David Leventi

America can learn from the father and son architects that helped shape New York.

October 28, 2015

Over a million immigrants will arrive in the United States in 2016, many through New York’s JFK airport. For the sharp-eyed window passenger, their approach will be guided by the curving wingspan of the TWA Flight Center, the Jet Age masterpiece of one of America’s most celebrated architects: the Finland-born Eero Saarinen.

Eero Saarinen and his father Eliel—collectively referred to as the Saarinens—had an architectural concept of American identity, and the impact of their work is felt all over the country.

Almost 400 miles northwest of the airport, a yearlong celebration is already underway. In Buffalo—where the sun sets over Lake Erie and the stereotype of the former industrial town is energetically brushed off—an acoustic gem is turning 75.

 © Randy Duchaine / Alamy Stock Photo

Buffalo’s Kleinhans Music Hall is more than just an object of local pride, it is also a testament to the Old World meets New World collaboration of father and son Saarinen. City firm HHL Architects has maintained Kleinhans for decades, and restoration architect Theodore Lownie talks through the features of the building as if describing the visage of an old friend.

At Kleinhans, the proscenium arch, which encloses the stage in most concert halls, is absent. To Lownie, this is democratic design: “The artists and the performers merge into one being," he says. Meanwhile, the windowless exterior looks like a European fortress. If someone were hoping to find evidence of a generational difference between father and ‘Americanized’ son, the contrast between the exterior (with signatures of Eliel) and soaring interior (Eero) might serve.

Eero’s career is “the American story” says Tyler Morse, CEO of MCR Development, which is converting the TWA Flight Center into a hotel in a public-private partnership with New York’s Port Authority and Jet Blue. It's a deal that's only recently been finalized; over the years the site has been eyed by bigwigs like hotelier André Balazs and Donald Trump. The project is estimated to cost $265 million and welcome guests in 2018.

The Saarinens had “raw talent that succeeded based on merit,” Morse adds, which is the rewards system of the quintessential American dream. Aptly, Eero designed corporate headquarters for national business icons like GM (with Eliel), IBM, and John Deere—as American as apple pie.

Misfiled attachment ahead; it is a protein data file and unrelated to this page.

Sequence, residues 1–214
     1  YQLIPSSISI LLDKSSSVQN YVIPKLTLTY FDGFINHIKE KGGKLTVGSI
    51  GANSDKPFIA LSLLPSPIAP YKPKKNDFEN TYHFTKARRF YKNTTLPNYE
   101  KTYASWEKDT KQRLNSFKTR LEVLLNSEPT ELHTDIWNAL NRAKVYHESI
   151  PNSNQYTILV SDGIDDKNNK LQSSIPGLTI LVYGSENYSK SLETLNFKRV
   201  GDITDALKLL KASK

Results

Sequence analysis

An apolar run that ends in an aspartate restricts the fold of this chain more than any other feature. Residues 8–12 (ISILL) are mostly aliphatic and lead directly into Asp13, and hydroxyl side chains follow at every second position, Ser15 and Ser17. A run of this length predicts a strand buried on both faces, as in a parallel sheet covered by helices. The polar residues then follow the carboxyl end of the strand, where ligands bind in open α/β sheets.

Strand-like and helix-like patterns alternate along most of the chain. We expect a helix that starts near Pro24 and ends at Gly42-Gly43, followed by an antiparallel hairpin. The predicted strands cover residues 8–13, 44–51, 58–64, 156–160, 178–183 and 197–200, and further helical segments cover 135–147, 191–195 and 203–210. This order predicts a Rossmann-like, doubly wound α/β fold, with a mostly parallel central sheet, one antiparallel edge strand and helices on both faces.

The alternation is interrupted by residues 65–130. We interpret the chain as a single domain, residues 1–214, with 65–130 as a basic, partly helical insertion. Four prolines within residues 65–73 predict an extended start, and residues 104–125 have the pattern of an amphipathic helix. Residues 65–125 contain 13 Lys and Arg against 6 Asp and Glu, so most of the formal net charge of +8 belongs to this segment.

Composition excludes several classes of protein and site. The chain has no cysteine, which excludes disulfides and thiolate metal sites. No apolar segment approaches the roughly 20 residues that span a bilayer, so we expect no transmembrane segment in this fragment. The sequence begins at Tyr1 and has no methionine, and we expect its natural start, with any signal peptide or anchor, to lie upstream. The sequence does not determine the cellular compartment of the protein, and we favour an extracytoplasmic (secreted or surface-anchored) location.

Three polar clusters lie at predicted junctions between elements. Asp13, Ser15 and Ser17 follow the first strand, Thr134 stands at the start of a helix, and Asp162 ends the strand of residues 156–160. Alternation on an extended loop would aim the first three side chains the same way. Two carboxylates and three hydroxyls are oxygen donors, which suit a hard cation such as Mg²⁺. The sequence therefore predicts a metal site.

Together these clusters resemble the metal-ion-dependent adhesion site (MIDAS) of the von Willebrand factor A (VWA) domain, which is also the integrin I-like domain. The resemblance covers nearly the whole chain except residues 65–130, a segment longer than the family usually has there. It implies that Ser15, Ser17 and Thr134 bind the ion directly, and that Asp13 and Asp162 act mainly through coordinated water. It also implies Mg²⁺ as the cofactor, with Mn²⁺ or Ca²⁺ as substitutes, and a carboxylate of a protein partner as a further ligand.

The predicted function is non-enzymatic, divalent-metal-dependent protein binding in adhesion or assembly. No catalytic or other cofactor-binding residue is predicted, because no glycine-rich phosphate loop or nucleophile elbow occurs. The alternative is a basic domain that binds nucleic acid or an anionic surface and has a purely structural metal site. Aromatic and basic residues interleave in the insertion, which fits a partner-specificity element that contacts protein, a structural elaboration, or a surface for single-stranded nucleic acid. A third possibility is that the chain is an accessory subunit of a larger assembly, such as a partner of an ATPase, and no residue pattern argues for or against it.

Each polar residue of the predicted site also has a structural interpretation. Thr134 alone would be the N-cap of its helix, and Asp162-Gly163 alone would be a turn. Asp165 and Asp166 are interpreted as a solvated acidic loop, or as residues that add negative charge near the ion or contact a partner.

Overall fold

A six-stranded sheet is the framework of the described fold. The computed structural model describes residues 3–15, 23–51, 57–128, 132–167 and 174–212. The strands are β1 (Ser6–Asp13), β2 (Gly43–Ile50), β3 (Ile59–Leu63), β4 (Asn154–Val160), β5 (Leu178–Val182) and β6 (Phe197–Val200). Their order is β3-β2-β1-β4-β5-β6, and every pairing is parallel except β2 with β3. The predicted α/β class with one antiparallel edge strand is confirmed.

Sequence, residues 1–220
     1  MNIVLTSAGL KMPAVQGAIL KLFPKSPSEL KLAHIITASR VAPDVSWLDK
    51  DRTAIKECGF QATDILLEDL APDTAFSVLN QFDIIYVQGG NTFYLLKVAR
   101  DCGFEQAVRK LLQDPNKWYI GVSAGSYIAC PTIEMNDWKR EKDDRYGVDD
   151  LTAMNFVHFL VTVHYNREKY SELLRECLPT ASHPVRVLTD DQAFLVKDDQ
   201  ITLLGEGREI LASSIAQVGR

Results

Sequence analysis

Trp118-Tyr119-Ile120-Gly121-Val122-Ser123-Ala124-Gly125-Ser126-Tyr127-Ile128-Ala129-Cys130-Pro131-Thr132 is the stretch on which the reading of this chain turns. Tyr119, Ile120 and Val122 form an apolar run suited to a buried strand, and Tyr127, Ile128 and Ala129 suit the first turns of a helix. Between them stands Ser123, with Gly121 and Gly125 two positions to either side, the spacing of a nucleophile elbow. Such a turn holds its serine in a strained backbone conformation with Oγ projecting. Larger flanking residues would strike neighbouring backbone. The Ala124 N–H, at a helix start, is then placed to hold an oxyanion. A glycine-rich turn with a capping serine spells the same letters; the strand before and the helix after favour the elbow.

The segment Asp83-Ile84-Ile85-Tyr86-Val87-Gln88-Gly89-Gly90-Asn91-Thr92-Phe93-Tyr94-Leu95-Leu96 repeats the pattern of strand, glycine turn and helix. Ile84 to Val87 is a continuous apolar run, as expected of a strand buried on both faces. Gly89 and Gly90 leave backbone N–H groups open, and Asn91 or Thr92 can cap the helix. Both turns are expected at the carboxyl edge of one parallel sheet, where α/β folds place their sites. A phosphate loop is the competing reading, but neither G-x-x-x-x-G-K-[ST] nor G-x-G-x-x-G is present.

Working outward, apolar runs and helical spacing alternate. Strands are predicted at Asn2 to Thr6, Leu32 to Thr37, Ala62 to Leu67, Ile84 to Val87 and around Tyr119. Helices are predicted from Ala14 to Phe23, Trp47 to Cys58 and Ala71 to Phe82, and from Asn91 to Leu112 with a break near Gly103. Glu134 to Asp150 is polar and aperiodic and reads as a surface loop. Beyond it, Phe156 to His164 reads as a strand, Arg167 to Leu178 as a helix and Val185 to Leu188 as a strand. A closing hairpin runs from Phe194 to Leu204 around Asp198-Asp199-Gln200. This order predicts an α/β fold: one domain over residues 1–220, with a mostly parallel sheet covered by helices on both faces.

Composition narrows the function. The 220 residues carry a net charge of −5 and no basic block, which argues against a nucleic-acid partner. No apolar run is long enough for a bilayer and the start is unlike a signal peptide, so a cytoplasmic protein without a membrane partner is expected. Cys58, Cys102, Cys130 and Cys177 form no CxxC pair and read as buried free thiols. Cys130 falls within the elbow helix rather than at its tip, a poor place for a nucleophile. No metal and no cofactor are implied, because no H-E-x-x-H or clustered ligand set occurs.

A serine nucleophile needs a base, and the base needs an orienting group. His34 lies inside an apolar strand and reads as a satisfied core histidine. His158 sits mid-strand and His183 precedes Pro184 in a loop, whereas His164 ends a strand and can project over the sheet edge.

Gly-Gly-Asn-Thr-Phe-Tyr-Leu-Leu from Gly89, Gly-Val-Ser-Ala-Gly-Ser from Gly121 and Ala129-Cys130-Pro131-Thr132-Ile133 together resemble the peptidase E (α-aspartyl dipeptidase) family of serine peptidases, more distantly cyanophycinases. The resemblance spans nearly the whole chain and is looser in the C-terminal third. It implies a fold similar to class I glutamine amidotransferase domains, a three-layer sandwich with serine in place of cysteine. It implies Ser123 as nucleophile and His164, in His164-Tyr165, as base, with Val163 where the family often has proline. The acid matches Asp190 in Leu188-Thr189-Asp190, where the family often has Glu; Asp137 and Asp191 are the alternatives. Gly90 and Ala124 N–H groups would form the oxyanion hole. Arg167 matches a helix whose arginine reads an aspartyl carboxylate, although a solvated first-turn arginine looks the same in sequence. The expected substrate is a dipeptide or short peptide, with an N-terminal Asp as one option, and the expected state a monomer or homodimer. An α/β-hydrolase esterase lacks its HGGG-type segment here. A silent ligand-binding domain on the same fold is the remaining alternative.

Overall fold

The fanciful TWA Flight Center was imagined in 1955, when the idea that anything was possible was at its peak. It has 125,000 square feet of volume held up by just 4 points: “A structural wonder,” Morse says.

However, the history of the Saarinens is hardly as simple as old and new, father and son, or Finn and American—nor would lovers of great architecture want it to be. Even Eero Saarinen—thought to be the Americanized son—spent summers in his Finnish homeland. In a 1956 TIME Magazine profile of the architect, he attributes his success to ‘sisu,’ an untranslatable Finnish term roughly meaning ‘grit.’

“All really good buildings are about something and it’s incumbent on the viewer, if they can, to discover what that something is,” Lownie says. To him, Eliel and Eero designed Kleinhans in order to “contain” people and sound. And as the music of Eliel Saarinen’s friend, Finnish composer Jean Sibelius, stormed through the auditorium one recent weekend it was hard not to think of the hall as a vessel for tradition.

“Architecture is not just to fulfill man's need for shelter, but also to fulfill man's belief in the nobility of his existence on earth,” Eero told TIME in 1956. At the end of the day, the Saarinens were not ideologues, nor did they unlock possibilities as a statement of American exceptionalism. If they believed in any bridge between their Old World and New World, it was goodness and nobility.

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